ROBERT BURGESS: How Donald Trump is destroying the markets
'U.S. companies are valued less now than before Trump was elected, despite the run-up in stocks, big corporate tax cuts, reductions in regulations, and booming earnings'
President Donald Trump likes to equate the rally in stocks since the November 2016 elections with confidence in him and his policies. And yes, the S&P 500 Index has surged 22 percent since then - but a deeper look at equities, bonds and the dollar reveals anything but trust in his stewardship.
Here’s the executive summary: U.S. companies are valued less now than before Trump was elected, despite the run-up in stocks, big corporate tax cuts, reductions in regulations, and booming earnings. The cost to borrow for the U.S. has soared relative to other governments, a sign investors are worried about America’s creditworthiness. The dollar’s share of global currency reserves has dropped by the most since 2002.
Investors are losing faith because Trump is turning into the type of president many always feared: unpredictable, volatile and tempestuous. Those characteristics were certainly present last year, but they were largely overlooked as his administration pushed through pro-growth, pro-business initiatives such as tax reform and regulatory cuts. Now, many highly regarded White House staffers such as former Goldman Sachs President Gary Cohn and cabinet members such as former Exxon Mobil Chief Executive Rex Tillerson have exited, and it’s unclear who is left to keep Trump in check on his more radical policies such as those he is pushing through now on trade.
For a growing number of global money managers, the risks of investing in the U.S. are too great right now given the political uncertainty. “At some point, you just bite the bullet and say, ‘I’m just going to get out of all my assets, all my exposures out of the U.S.,’ ” Nader Naeimi, a money manager at the $145 billion AMP Capital Investors in Sydney, told Bloomberg News. “That’s the No. 1 thing we’re thinking.”
Let’s start with stocks. The S&P 500 has fallen 9.34 percent from its peak on Jan. 26, in part over worries about the fallout from a potential trade war between the U.S. and China. The sell-off means that even though stocks are up overall since the elections and the inauguration, the S&P 500 is trading at about 16 times projected earnings, down from 18.5 in January and the lowest since mid-2016. This comes even though analysts expect companies to report that first-quarter earnings surged 17 percent from a year earlier. It’s rare to see such a contraction in multiples with profits rising at such a fast pace.
Of course, stock valuations worldwide have diminished, but few have shrunk like those in the U.S. At the end of last year, the price-to-expected-earnings ratio for the S&P 500 was 3.5 levels higher than the Stoxx Europe 600. By last week, that gap had narrowed to two levels.
The bond market is worried the federal budget deficit will grow to unsustainable levels because of the revenue lost from the tax cuts. The Treasury Department said it plans to more than double debt sales this year to $1 trillion to make up for the shortfall. Already under Trump, total public debt outstanding has surged to $21.1 trillion from $19.8 trillion as recently as of September.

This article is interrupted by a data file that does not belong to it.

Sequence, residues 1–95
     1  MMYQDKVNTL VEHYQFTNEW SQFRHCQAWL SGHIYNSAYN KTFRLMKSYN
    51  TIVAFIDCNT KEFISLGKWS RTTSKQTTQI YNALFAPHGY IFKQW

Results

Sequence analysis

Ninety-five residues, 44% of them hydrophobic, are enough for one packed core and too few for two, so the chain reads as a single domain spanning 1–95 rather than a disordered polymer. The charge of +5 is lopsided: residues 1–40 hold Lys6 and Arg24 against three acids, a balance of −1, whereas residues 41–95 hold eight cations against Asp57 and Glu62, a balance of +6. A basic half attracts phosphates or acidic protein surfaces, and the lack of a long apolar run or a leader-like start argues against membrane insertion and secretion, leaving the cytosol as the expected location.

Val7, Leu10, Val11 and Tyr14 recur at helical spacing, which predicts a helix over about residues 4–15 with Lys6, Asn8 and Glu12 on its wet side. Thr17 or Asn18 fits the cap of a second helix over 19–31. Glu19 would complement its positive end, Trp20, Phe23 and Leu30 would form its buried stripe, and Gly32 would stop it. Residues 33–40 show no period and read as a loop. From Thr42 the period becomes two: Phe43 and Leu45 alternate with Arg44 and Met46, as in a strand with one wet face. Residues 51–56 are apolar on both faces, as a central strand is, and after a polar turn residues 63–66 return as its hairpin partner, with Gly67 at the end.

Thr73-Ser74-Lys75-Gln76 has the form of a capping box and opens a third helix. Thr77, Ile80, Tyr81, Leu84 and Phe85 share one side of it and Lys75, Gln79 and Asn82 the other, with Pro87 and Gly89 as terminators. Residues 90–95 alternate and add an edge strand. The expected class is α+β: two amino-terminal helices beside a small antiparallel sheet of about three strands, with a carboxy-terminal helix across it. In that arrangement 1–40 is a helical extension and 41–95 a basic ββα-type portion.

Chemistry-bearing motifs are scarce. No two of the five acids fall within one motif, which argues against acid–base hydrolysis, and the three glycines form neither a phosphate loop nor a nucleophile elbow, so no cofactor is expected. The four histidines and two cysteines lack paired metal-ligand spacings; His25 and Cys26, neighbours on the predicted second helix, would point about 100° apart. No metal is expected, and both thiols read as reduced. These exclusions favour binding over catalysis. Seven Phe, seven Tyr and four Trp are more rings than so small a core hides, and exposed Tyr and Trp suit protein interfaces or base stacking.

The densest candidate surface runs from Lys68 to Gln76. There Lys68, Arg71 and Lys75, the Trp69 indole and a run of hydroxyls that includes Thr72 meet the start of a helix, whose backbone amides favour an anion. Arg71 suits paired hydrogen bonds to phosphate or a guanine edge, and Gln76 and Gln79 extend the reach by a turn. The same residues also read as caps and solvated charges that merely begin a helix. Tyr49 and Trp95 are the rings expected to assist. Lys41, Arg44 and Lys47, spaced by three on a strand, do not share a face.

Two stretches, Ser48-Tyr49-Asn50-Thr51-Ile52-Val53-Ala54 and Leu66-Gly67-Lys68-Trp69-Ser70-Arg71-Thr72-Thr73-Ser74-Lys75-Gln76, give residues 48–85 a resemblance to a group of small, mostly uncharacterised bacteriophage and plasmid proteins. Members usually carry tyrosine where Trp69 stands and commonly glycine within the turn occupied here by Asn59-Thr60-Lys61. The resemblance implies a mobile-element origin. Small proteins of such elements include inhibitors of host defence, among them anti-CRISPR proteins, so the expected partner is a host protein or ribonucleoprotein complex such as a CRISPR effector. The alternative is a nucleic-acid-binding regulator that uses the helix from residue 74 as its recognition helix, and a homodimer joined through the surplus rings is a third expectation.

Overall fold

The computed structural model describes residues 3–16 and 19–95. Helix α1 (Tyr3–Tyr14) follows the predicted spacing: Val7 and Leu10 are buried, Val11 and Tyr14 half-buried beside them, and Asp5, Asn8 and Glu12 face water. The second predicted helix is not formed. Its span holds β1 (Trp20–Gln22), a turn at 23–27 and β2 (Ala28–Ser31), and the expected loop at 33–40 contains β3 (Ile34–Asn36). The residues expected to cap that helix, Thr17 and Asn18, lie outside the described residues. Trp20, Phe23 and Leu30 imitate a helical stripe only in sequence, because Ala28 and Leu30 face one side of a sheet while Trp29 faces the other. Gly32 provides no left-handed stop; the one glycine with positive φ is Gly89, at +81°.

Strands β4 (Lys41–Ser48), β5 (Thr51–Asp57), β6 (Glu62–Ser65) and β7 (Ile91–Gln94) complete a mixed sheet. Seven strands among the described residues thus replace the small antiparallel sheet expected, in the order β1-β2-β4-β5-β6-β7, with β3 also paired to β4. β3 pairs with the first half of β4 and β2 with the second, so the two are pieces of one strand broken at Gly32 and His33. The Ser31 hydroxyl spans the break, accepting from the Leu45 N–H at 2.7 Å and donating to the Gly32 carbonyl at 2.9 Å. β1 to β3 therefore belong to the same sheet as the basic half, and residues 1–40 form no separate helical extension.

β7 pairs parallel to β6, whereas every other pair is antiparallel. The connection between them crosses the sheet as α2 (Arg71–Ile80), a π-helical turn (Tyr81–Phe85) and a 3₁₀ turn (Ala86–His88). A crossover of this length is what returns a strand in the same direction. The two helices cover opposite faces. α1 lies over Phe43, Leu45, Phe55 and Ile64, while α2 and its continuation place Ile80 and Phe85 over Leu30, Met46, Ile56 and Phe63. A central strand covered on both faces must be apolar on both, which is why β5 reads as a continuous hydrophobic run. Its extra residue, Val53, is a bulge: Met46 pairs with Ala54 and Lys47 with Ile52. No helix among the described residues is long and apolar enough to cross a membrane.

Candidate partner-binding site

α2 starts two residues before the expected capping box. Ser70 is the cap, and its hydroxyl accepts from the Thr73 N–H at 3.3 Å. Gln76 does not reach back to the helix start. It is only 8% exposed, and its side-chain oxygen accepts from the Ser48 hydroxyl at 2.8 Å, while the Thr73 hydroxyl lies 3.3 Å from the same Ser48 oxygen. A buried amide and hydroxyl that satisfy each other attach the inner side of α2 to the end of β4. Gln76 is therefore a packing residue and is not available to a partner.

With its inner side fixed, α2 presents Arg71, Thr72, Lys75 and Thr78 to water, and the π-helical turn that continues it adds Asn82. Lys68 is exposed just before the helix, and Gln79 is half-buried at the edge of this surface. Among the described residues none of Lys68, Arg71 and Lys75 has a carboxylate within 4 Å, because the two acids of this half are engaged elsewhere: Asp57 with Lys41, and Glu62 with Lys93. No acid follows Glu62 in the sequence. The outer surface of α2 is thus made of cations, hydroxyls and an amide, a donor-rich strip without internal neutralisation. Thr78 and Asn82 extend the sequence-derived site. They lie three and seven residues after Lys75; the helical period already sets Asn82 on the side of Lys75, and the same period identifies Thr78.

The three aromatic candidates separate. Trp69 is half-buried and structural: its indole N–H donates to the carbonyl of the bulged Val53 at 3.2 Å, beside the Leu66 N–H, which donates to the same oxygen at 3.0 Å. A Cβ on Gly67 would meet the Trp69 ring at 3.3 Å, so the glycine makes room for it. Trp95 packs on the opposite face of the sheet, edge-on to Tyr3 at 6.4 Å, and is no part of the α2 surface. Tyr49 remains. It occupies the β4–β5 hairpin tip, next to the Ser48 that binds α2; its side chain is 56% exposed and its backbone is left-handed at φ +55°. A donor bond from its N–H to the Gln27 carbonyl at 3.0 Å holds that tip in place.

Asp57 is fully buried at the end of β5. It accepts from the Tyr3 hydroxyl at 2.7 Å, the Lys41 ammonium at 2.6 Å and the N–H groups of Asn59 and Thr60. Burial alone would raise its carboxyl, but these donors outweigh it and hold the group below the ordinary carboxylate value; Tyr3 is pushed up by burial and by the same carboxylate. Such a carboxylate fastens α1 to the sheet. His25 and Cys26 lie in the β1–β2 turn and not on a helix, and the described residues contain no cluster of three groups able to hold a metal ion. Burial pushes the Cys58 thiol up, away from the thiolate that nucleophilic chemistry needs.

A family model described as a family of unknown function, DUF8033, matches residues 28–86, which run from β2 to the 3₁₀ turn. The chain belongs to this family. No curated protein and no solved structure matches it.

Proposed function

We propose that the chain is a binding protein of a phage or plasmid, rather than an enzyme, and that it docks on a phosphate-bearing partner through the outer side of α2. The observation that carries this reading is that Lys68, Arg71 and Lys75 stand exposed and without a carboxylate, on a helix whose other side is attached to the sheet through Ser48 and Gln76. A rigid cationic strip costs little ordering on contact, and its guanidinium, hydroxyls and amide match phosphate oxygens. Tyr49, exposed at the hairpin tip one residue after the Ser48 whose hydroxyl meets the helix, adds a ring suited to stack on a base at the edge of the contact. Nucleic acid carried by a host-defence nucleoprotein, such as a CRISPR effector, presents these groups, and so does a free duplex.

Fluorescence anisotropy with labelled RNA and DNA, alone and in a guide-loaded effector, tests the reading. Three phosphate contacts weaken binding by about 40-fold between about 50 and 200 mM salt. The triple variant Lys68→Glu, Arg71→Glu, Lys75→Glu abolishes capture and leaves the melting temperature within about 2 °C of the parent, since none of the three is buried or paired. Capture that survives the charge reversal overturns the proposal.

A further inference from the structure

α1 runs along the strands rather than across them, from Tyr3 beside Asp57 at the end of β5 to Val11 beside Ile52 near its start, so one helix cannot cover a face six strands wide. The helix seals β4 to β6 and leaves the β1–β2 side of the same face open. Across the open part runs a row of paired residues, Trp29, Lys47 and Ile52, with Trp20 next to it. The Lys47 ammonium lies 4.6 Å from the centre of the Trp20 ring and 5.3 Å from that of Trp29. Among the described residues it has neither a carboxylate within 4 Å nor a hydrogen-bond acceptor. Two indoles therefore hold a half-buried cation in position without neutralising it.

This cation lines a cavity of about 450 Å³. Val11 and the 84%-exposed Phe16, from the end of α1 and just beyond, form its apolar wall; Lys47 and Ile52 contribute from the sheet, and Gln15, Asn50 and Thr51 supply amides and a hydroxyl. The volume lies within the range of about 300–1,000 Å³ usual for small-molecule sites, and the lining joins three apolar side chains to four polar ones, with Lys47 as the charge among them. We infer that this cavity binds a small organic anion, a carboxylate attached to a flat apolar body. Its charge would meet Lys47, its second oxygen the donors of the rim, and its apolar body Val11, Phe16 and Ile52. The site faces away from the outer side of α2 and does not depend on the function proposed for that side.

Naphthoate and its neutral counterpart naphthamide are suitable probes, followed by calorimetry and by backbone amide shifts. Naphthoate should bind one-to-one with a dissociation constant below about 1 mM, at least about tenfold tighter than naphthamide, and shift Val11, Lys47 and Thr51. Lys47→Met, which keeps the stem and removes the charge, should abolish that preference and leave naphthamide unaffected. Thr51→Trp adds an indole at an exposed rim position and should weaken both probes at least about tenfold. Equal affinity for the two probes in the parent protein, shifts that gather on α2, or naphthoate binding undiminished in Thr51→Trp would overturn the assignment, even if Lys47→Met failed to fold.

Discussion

Demand at the government’s debt auctions is down; investors placed $2.75 in bids for every $1 of debt offered by the government, the fewest since 2009. On average, the Treasury Department pays 2 percentage points more in yield than other governments, according to ICE Bank of America Merrill Lynch bond indexes. As recently as 2011, it cost the U.S. 1.18 percentage points less to borrow relative to the rest of the world.
Sure, many variables get factored into bond yields, including relative monetary policies, inflation and economic growth rates. And in the U.S., interest rates put in place by the Federal Reserve are much higher than just about everywhere else. But even when stripping short-term debt out of the equation and focusing on longer-term maturities that are less influenced by monetary policy and align more closely with things like investor perception of creditworthiness, the U.S. is still paying a hefty rate. On debt with maturities of 10 years or longer, the premium paid by the U.S. is also about 2 percentage points, the most since 2000.
It’s said that a nation’s currency is not much different than a company’s share price in that it’s probably the best indicator of investor sentiment. If so, the U.S. is in big trouble. The Bloomberg Dollar Spot Index, which measures the currency against its major market peers, fell 8.52 percent last year. In February, it touched its lowest since late 2014. This is also a remarkable move because a currency typically appreciates as interest rates rise.
It would be easy to dismiss the greenback’s weakness as just the ebb and flow of exchange rates, until you consider that the International Monetary Fund just said that the dollar’s share of global foreign-exchange reserves fell 2.64 percentage points last year, the most since 2002. At 62.7 percent, the dollar’s overall share of reserves, while still much higher than the euro’s 20.1 percent, is the lowest since 2013.
Trump was largely elected by frustrated Americans who wanted a president who could disrupt the status quo and bring some fresh ideas to Washington. Trump has certainly done that, but the markets are signaling that he risks going too far. Markets are fine with disruptors. Not so much with anarchists.